|FLEISCHMAN, EMILY - Washington State University|
|KOWALSKI, RYAN - Washington State University|
|NGUYEN, THUY - Washington State University|
|LI, CHONGJUN - Washington State University|
|GANJYAL, GIRISH - Washington State University|
|ROSS, CAROLYN - Washington State University|
Submitted to: Journal of Food Science
Publication Type: Peer Reviewed Journal
Publication Acceptance Date: 8/29/2016
Publication Date: 11/10/2016
Publication URL: https://handle.nal.usda.gov/10113/5695336
Citation: Fleischman, E.F., Kowalski, R.J., Morris, C.F., Nguyen, T., Li, C., Ganjyal, G., Ross, C. 2016. Physical, textural, and antioxidant properties of extruded waxy wheat flour snack supplemented with several varieties of bran. Journal of Food Science. 81:E2726-E27233.
Interpretive Summary: Consumer appeal is of importance when introducing fiber into snack foods with intense colors and harder textures like purple bran. Consumers may enjoy an antioxidant-enriched puffed snack food as an alternative to other retail products with little fiber. Furthermore, extrusion technology provides an efficient and inexpensive way to manage wheat bran waste.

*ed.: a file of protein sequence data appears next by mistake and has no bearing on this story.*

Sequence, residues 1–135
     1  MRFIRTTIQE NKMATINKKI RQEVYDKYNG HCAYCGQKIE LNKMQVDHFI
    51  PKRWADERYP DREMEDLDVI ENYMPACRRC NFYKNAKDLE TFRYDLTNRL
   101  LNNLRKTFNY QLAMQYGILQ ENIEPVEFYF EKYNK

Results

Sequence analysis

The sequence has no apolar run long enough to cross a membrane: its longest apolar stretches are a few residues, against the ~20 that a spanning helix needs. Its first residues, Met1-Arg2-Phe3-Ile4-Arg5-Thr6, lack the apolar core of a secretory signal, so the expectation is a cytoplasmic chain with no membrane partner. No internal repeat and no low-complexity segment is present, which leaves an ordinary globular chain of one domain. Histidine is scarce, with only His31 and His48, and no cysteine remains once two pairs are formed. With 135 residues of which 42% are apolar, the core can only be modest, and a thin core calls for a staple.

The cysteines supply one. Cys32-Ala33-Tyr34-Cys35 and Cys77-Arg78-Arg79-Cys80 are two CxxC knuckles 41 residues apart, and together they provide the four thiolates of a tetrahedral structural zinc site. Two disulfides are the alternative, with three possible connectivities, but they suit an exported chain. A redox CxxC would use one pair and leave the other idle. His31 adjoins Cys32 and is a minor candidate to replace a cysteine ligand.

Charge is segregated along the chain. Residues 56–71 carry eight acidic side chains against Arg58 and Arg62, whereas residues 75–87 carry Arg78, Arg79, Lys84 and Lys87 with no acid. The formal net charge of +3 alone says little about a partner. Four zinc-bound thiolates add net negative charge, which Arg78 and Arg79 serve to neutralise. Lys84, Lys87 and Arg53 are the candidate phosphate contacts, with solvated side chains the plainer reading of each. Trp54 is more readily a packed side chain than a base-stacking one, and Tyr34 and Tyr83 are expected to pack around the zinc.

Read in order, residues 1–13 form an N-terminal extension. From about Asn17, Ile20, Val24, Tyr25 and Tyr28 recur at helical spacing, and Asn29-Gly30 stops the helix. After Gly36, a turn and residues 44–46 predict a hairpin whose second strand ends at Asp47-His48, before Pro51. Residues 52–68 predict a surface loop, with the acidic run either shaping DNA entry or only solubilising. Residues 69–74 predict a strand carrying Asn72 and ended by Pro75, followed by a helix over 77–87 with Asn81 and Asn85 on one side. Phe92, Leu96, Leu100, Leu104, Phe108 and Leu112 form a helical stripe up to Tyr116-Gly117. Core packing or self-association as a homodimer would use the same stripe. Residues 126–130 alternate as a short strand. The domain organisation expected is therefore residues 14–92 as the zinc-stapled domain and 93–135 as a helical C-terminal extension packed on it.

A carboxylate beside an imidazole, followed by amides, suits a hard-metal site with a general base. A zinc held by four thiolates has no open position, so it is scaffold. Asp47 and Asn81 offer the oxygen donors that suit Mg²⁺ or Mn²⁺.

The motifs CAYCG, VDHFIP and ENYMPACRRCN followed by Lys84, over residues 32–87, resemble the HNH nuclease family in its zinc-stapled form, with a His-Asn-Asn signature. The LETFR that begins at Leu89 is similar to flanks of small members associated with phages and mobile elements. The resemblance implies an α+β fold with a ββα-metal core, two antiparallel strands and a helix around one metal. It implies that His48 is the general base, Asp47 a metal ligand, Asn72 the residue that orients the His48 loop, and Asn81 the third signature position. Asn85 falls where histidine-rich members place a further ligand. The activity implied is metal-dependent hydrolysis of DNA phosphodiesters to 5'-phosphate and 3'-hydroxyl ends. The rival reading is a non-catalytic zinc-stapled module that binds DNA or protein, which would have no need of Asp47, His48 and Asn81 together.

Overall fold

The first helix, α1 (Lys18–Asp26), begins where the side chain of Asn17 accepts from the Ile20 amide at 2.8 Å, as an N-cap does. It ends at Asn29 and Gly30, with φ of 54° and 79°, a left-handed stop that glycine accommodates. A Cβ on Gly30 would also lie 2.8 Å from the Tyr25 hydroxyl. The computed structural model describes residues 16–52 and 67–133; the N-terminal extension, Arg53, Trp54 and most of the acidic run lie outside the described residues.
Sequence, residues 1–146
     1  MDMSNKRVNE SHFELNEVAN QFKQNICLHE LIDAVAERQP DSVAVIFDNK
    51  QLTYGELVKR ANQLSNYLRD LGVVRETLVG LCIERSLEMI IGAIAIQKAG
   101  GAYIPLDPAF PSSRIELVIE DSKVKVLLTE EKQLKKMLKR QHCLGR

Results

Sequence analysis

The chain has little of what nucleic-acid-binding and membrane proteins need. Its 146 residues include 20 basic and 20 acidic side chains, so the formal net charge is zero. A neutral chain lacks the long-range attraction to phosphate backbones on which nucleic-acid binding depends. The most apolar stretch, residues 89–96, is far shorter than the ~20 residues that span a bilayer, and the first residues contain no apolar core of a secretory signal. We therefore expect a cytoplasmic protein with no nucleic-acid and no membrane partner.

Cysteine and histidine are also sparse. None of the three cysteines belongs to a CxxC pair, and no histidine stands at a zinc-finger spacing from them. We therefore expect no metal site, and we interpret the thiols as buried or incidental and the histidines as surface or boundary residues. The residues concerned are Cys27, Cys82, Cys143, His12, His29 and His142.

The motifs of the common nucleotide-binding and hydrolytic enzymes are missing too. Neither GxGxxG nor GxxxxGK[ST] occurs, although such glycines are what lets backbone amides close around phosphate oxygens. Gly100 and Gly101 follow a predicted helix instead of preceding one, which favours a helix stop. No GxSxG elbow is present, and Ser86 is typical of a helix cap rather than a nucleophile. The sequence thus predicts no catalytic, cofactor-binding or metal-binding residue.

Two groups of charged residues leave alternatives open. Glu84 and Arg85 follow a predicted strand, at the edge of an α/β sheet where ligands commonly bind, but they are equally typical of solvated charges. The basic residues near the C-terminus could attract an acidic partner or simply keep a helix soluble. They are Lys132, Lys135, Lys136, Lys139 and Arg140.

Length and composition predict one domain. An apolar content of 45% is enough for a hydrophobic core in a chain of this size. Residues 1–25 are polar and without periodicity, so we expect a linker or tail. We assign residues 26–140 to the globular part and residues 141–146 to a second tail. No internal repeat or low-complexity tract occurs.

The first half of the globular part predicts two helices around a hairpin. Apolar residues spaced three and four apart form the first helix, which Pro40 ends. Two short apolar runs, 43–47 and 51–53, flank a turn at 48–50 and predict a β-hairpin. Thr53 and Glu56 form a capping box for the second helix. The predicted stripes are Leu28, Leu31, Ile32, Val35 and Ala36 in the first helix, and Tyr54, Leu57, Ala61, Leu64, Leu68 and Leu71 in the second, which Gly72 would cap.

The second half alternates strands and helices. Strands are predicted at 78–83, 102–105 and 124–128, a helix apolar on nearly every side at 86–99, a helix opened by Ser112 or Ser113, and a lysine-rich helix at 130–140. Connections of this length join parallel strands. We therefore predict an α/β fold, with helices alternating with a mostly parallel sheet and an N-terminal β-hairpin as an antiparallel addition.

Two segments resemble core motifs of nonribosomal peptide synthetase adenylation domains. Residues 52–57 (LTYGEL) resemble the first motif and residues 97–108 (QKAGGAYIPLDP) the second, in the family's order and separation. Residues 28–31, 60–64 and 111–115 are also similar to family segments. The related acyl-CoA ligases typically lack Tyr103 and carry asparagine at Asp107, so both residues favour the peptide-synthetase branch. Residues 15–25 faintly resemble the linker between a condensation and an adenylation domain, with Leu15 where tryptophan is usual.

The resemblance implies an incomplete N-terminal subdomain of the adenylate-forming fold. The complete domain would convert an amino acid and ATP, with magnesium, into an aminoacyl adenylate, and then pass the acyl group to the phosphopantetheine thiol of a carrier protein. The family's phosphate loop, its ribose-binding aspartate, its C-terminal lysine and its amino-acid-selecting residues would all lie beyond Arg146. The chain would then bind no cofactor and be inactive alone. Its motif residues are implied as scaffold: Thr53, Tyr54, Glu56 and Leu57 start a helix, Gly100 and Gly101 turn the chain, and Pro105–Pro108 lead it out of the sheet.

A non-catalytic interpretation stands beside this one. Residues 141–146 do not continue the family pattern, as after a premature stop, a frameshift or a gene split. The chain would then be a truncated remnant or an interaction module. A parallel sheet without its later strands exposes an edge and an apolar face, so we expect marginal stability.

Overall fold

Technical Abstract: Wheat represents a ubiquitous commodity and while industries valorize 10% of wheat bran, most of this antioxidant-rich byproduct gets discarded. The objective of this study was to incorporate wheat bran into an extruded snack. Bran varieties from hard red spring, white club Bruehl, and purple wheat lines were added to waxy pen wheat flour (T. aestivum L) at replacement concentrations of 0, 12.5, 25, and 37.5% (w/w) (n=10). Extrudates were evaluated for antioxidant capacity, color, and physical properties. Results showed that high fiber concentrations altered several pasting properties, reduced expansion ratios (p<0.0001), yet created denser products (p<0.0001); these observations were especially apparent for white bran. Purple bran extrudates produced harder products compared to white and red bran treatments (p<0.0001). Extrudates produced using 37.5% (w/w) of each bran variety absorbed more water than the control. The Oxygen Radical Absorption Capacity (ORAC) assay, expressed as Trolox equivalents, showed that red (37.5%) and purple (37.5%) bran had higher values compared to the other treatments, and the control, white, and red bran treatments had less antioxidant activity after extrusion (p<0.0001) compared to purple bran extrudates. Hence, purple bran may serve as a viable functional ingredient in extruded foods. Future studies could evaluate how bran variety and concentration, extruded shape, and flavor influence consumer acceptance.